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AlexTheGreatish

The ULTIMATE Powerhouse Sleeper PC

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On 1/21/2019 at 10:40 PM, AlexTheGreatish said:

Margaret, oh Margaret.  Potentially the build that caused the most stress ever, taking over a month to complete due to every step having loads of strange complications.  But in the end.. oh she's a beauty.

 

Buy a Seasonic Power Supply
On Amazon: http://geni.us/WkwJJt
On Newegg: http://geni.us/YiLV

 

CAD files for those that are interested: https://grabcad.com/library/margaret-the-sleeper-pc-1

 

 

u need try this build this chiller and in this video he shows how to do all work  

 

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On 1/21/2019 at 5:00 PM, Thermosman said:

Also, you were using your router very wrong. While I cant see it very well due to 360p, It looks like you have severe chip welding in the aluminum, and I would advise aganist using double sided tape for workholding. Instead, I would drill holes and use screws to attach the part to the scrap board. When you are cutting a complete piece out, you can either put screws in it to hold it down once it is completely detached, or utilize tabs around the perimeter, a setting available in many CAM programs such as Fusion 360, which can be removed using a saw or angle grinder and filed down to remove the part. Also, remove the plastic protective sheet from the aluminum. Again, I can't tell much about the endmill from the video, but it looks like a ~1/2 inch 2 flute titanium nitride coated high speed steel endmill, which you are getting major chip welding from both on the endmill and on the edge of the slotting. Instead of this, i would go with a 1/4 inch or even an 1/8 inch carbide 1 or 2 flute endmill. To figure your your RPM and feedrate, commonly referred to as "feeds and speeds" there are many calculators online. You should reduce your depth of cut and take multiple passes, as slotting, the operation used here, is the hardest you can push any endmill, and you are going full depth in what appears to be 1/8th inch aluminum sheet. Rather than doing this, you should take several shallow passes which will take longer but will produce a much better cut than full depth slotting, which simply doesn't work in aluminum. The chip welding is caused by heat from friction between the tool and the material, as aluminum is a relatively gummy material. While a flood coolant system isn't practical in this case, an attached airblast system, ideally with an oil mister would greatly improve this.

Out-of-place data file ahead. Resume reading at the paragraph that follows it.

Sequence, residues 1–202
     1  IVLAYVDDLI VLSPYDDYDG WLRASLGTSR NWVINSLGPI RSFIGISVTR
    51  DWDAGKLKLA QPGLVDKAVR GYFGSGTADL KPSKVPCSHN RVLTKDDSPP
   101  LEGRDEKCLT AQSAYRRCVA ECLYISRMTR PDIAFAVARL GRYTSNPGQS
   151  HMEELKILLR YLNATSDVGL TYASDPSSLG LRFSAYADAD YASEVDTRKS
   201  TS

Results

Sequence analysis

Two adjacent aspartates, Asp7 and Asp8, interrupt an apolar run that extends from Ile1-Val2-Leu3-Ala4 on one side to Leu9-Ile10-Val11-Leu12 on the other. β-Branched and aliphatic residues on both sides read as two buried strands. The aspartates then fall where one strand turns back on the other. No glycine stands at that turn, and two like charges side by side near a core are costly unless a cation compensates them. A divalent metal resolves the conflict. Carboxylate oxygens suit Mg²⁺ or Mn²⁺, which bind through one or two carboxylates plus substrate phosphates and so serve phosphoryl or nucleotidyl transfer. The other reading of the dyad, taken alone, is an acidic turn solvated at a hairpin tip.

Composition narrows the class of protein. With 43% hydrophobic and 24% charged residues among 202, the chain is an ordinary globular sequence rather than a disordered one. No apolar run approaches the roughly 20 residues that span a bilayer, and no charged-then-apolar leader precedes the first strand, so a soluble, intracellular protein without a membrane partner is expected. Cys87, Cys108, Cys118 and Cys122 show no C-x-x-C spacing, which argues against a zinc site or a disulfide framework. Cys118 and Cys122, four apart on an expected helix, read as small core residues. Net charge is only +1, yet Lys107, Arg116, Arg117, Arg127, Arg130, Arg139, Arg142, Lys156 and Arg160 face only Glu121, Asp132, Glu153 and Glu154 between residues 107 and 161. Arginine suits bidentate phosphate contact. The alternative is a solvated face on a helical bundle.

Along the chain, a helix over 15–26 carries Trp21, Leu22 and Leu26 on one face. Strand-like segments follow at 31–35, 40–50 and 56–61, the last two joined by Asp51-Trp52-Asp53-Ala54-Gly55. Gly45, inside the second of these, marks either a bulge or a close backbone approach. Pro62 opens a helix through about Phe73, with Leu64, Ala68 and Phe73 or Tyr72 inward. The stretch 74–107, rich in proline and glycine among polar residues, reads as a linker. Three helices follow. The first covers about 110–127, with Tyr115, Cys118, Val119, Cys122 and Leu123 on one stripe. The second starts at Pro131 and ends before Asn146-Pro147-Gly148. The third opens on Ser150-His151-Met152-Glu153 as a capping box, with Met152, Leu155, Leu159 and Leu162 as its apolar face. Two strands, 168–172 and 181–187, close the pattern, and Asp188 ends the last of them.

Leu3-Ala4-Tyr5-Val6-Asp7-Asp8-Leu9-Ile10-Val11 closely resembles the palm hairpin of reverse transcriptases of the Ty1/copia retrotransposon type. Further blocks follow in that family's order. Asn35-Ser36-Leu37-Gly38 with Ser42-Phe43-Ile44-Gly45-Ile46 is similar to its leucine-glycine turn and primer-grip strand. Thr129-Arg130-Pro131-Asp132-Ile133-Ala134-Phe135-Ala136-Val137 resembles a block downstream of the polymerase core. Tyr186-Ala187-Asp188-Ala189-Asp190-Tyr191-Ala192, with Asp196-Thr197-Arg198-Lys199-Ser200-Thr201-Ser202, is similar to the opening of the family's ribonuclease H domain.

There is much more information that you can find online about aluminum cutting on routers, there is absolutely no reason to just guess at it.

 

Aluminium and other soft metals have had some success with some coolants and the correct cutting tool. I will followup once I check with my brothers (both are General Machinists and work with these soft metals day in and day out making spot welding equipment for the automotive sector). I don't think that an 1/8 inch depth of cut is that bad, even though it is a slut cut. As was said there are calculations based on the material for every part from machine power (HP/Watts) needed, rpm to run the cutter, the feed rate and depth of cut. And each piece of the puzzle affects the next. I have all those formulas in a box from my college days. I haven't used them personally because I don't work in that field but will see what I can find.

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